Throughout this report we present absolute risk differences whenever possible, since these risks are of the greatest interest to patients. (We did calculate both relative and absolute risk difference between the procedures and found no significant differences between these metrics).

Scope and Key Questions

The purpose of this report is to answer the following key questions:

Key Question 1a. In patients with ischemic heart disease, and angiographically-proven single or multi-vessel disease, what is the comparative effectiveness of PCI compared to CABG, in reducing the occurrence of adverse objective outcomes and improving subjective outcomes?

Key Question 1b. Over what period of time are the comparative benefits of PCI and CABG sustained?

For the purposes of answering these key questions, we provide the following definitions: PCI includes percutaneous coronary angioplasty (PTCA), with or without drug-eluting stents (DES) or bare metal stents (BMS). CABG includes traditional on-pump or off-pump bypass procedures; on-pump or off-pump minimally invasive procedures; and CABG with transmyocardial revascularization (TMR). Long-term and short-term objective outcomes refer to outcomes that impact patients' health, including, but not limited to, peri-procedural death or complications, non-fatal myocardial infarctions, congestive heart failure, stroke, nosocomial infections, respiratory failure or other pulmonary complications, acute or chronic renal failure, cardiac arrhythmias, and long-term survival and event-free survival (major adverse cardiac events). Long-term and short-term subjective outcomes refer to outcomes that impact patients' perceived quality of life, functional health status, or general health status. Subjective outcomes may include, but are not limited to, freedom from angina, functional angina classification, cognitive impairment, productivity, and functional capacity. Intermediate outcomes may also be considered if available evidence clearly links such outcomes to long-term or short-term outcomes. These include completeness of revascularization, target lesion revascularization, restenosis following PCI, CABG graft closure, the need for secondary revascularization procedures, readmission within 30 days, readmission within 6 months, and post-procedure discharge to rehabilitation facilities.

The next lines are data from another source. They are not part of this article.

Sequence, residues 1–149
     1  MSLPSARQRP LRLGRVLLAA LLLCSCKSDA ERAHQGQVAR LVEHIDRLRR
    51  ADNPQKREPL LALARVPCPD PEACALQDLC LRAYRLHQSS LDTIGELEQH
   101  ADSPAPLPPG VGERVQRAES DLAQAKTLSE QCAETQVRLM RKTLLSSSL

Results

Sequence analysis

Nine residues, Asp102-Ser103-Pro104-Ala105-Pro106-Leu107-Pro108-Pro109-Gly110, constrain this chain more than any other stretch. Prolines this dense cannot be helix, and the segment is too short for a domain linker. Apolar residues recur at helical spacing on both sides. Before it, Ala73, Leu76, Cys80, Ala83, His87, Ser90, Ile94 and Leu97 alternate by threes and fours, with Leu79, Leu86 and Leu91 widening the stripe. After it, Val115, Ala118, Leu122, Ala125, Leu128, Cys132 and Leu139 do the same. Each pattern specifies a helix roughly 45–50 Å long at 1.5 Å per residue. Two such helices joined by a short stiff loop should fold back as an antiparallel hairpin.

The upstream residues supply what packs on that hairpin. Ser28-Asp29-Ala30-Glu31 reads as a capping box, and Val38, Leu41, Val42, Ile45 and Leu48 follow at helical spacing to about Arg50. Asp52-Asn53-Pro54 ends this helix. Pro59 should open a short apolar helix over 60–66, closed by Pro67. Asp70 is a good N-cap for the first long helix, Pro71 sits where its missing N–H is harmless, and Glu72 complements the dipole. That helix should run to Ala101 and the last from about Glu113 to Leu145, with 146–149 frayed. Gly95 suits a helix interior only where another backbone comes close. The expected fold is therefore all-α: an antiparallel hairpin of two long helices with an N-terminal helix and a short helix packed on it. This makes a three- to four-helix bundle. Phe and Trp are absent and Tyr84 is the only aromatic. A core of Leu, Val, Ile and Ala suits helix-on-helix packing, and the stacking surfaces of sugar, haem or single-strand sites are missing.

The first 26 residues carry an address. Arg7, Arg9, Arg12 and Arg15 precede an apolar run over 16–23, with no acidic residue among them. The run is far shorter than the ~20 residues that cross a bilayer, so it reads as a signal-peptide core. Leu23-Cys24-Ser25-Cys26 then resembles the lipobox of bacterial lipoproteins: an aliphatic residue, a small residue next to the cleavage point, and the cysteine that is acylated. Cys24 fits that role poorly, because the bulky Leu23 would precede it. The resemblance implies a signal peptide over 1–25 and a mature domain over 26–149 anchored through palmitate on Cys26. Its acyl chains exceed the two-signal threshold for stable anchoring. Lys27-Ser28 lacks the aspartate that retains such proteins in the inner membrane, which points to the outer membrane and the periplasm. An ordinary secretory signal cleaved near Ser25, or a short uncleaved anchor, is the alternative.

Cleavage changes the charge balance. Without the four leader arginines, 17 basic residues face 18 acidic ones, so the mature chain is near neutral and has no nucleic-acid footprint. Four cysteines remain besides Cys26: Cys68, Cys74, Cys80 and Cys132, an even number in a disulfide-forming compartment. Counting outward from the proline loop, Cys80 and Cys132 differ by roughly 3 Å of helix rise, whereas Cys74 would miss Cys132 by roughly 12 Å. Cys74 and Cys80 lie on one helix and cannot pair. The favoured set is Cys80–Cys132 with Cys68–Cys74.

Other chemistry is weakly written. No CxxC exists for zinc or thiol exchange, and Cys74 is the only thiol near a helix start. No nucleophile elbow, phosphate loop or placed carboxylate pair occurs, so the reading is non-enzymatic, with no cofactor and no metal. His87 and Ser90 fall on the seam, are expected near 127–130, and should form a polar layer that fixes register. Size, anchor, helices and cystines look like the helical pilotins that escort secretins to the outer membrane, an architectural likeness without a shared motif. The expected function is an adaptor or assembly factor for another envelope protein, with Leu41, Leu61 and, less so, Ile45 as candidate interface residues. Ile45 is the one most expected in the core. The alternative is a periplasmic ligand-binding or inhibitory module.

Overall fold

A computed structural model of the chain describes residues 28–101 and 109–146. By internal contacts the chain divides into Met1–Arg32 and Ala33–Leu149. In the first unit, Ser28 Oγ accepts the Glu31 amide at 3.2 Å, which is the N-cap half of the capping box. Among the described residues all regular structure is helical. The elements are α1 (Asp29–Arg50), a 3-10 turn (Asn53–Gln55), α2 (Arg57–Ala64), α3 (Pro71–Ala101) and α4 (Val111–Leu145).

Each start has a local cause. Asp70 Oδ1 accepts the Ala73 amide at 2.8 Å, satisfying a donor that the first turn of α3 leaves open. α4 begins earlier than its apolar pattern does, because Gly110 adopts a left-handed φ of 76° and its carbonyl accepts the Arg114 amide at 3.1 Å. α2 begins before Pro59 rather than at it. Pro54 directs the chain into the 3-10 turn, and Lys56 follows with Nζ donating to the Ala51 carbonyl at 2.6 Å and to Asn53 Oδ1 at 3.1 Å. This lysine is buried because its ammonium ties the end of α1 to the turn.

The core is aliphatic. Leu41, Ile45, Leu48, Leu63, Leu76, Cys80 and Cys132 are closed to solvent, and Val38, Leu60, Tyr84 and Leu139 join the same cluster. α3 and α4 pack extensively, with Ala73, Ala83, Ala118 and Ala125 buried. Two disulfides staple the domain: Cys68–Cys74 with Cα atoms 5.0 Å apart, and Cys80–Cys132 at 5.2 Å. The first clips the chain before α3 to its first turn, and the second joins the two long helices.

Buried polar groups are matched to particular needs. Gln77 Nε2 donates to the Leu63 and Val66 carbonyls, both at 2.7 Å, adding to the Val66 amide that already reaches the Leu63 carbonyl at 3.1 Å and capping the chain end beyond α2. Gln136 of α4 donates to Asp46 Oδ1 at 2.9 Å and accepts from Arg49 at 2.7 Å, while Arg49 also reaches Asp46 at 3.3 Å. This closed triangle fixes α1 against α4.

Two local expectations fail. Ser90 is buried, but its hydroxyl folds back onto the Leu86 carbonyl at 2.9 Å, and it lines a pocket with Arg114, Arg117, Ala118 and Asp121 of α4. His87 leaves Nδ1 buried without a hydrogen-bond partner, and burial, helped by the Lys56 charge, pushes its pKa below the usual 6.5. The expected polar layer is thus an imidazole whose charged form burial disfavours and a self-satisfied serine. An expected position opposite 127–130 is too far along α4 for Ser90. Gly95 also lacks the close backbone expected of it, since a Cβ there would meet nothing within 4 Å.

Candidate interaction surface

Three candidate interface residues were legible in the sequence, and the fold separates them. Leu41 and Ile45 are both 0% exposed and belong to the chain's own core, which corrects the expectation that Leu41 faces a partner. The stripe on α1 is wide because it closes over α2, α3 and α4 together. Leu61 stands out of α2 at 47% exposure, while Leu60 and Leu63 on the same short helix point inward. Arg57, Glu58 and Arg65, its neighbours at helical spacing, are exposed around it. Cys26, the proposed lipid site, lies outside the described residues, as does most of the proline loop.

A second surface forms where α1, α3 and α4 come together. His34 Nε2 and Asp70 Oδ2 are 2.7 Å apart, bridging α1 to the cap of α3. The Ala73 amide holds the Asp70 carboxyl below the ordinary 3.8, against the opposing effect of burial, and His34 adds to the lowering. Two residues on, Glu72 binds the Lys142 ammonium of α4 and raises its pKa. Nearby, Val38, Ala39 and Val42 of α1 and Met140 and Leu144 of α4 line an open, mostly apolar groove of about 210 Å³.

Key Question 2. Is there evidence that the comparative effectiveness of PCI and CABG varies based on:

a.

Age, sex, race, or other demographic risk factors?

b.

Coronary disease risk factors, diabetes, or other comorbid disease?

c.

Angiographic-specific factors including, but not limited to, the number of diseased vessels amenable to bypass or stenting, vessel territory of stenoses (e.g., left main or anterior coronary arteries, right coronary artery, circumflex coronary artery), diffuse vs. focal stenoses, left ventricular function, or prior revascularization procedures?

d.

CABG-specific factors including, but not limited to, cardiopulmonary bypass mode (normothermic vs. hypothermic), type of cardioplegia used (blood vs. crystalloid), or use of saphenous vein grafts, single or bilateral internal mammary artery grafts, or other types of bypass grafts?

e.

Clinical presentation (e.g., stable angina or unstable angina, based on NYHA functional class I–IV, acute coronary syndrome, cardiogenic shock, acute myocardial infarction with or without ST elevation, or silent ischemia)?

f.

Adjunctive medical therapies, such as short-term intravenous or oral antiplatelet drugs, or long-term use of oral antiplatelet drugs?

g.

Process characteristics such as provider volume, hospital volume, and setting (e.g., academic vs. community)?

h.

Prior PCI or CABG revascularization procedures?